- December 1, 2006
- Posted by: matt
- Category: Archived Newsletters
Opportunities for Innovation Policy in 2007
Volume 1: The Farm Bill
As a new Congress gets set to convene next month, there are high expectations for big changes from Washington. Tight domestic budgets and an consuming (and appropriate) focus on Iraq will likely mean that, while many new ideas may get a public airing, it will still be difficult to generate significant changes in Federal policy. Nonetheless, there are a few areas where we might see major changes affecting efforts to foster innovation and regional competitiveness. We’re going to take a look at these opportunities in the next 2 editions of EntreWorks Insights. Here in Volume 1, we’ll take a look at the upcoming debate on the 2007 Farm Bill. Our next edition will examine new proposals to support technology development, and to promote science and engineering education.
In a double-blind trial, the effects of estrogen and norethindrone were compared. In some cases the drug is used to treat chronic illnesses which require constant use of the drug and for these the dose https://furniture-refinishing-guide.com/articles-category/applying-wood-stains/ is usually increased after a week. Vigorousness may also be a sildenafil citrate online buy viagra uk.
Tamoxifen may be used alone or in combination with another cancer treatment. You need to ask prednisolone eye drops buy online Tokyo your pharmacist for the exact ingredients and dosage. Clinical studies have shown that the addition of folinic acid to methotrexate increases.
When it comes to Federal policy toward rural America, the Farm Bill is the big kahuna. Pretty much every federal program targeting agriculture and rural development is authorized by the Farm Bill, which is considered by Congress every five years. This debate will begin anew in 2007, and this year’s decisions will greatly affect not only how Washington deals with rural America but also how Washington deals with larger questions of regional development for all kinds of communities. So, this year’s Farm Bill debate will not just be of interest to farmers. It will affect all of us.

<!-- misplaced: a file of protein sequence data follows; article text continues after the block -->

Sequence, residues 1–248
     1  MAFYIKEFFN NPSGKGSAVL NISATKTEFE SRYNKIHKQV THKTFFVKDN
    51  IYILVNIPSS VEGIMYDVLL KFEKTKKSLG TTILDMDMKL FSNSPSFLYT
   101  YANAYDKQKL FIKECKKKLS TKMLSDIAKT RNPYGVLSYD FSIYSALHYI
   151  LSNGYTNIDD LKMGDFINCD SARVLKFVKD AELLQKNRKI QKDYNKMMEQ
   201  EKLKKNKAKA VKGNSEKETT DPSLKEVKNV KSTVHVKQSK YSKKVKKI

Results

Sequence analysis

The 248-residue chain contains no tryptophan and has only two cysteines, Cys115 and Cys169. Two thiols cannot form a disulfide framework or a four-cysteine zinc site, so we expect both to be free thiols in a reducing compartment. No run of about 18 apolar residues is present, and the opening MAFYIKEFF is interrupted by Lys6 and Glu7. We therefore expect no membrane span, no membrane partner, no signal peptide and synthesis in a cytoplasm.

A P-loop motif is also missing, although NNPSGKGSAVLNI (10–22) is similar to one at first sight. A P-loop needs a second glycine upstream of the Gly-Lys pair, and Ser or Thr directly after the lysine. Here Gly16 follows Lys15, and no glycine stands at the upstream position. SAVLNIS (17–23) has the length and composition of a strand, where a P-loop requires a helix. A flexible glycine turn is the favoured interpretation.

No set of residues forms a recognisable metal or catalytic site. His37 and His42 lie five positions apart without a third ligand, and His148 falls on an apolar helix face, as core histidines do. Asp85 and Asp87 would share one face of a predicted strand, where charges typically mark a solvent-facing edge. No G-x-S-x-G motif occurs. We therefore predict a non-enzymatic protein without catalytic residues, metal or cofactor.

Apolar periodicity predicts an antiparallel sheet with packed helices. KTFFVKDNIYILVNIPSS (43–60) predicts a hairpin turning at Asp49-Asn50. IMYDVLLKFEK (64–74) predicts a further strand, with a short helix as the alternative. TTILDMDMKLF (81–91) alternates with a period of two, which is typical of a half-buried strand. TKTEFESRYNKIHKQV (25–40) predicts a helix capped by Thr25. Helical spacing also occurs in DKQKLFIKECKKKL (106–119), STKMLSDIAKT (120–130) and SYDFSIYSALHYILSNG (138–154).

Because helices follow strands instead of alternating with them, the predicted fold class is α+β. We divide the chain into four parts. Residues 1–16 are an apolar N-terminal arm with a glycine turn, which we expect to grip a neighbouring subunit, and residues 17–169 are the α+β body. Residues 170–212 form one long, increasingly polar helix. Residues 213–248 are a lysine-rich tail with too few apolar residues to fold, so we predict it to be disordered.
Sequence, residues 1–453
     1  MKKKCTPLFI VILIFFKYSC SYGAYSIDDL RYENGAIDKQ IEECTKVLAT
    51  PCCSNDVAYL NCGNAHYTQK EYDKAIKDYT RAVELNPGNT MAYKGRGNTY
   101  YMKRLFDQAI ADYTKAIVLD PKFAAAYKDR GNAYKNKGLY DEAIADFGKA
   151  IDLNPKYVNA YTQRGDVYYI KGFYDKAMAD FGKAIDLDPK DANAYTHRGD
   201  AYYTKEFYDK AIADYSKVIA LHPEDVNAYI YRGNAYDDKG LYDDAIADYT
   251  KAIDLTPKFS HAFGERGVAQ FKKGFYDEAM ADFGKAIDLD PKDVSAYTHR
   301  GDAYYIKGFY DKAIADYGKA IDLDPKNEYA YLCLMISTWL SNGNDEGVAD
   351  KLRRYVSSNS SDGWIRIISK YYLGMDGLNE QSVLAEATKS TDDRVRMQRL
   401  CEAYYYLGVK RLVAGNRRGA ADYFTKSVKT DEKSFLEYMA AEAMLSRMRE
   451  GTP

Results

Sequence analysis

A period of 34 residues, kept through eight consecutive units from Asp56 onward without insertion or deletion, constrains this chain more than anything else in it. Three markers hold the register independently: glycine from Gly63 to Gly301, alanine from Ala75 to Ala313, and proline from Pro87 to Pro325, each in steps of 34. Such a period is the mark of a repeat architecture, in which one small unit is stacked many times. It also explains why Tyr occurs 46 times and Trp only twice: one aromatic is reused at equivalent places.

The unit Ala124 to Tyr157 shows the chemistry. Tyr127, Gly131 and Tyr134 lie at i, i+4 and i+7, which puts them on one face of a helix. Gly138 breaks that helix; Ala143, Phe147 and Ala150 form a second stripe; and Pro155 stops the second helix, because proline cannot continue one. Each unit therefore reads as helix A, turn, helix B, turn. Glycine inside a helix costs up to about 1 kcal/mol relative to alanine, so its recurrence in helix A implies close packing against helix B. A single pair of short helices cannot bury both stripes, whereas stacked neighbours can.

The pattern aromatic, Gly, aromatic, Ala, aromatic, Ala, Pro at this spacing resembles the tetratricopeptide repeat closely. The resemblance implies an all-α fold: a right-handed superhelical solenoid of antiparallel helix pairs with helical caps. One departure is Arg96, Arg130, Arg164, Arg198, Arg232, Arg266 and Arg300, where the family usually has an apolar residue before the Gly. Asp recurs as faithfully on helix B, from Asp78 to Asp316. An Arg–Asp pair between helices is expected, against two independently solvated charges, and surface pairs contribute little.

So, what’s at stake? At the most basic level, we’re talking about how Washington plans to invest tens of billions of dollars in programs affecting crop supports, conservation, food stamps, nutrition, and the like. Also at stake is how Washington can best support the development of a strong business climate and livable communities in rural America. Rural development is not a big-ticket item when compared to, say, crop supports, but it will be an important component in this year’s debate.
Fortunately, there has been a good level of debate about how the Farm Bill can and should affect rural development. The House and Senate Agriculture Committees have held numerous field hearings, and Secretary of Agriculture Mike Johanns deserves credit for holding a comprehensive series of “Farm Bill Forums” across the US (see www.usda.gov/farmbill) to solicit public input. In a paper (available at http://futureofinnovation.org) designed to summarize these discussions as they relate to rural development, US Department of Agriculture (USDA) researchers presented three generic options:
- Maintain current rural development programs but alter their targeting so they are more relevant to pressing needs or sustainability.
- Revise programs to focus more on generating more new business formation and more private investment in rural communities.
- Provide more funds on a regional basis.
These three generic options are not really mutually exclusive. In reality, we ought to try to pursue all three approaches at once. While rural development programs need updating and revising, we should also avoid throwing out the baby with the bathwater. We need to retain existing programs that address critical needs, such as ongoing investments in broadband and affordable housing. But, rural development policies do need to be updated so that they are both more entrepreneurial and more regional in focus.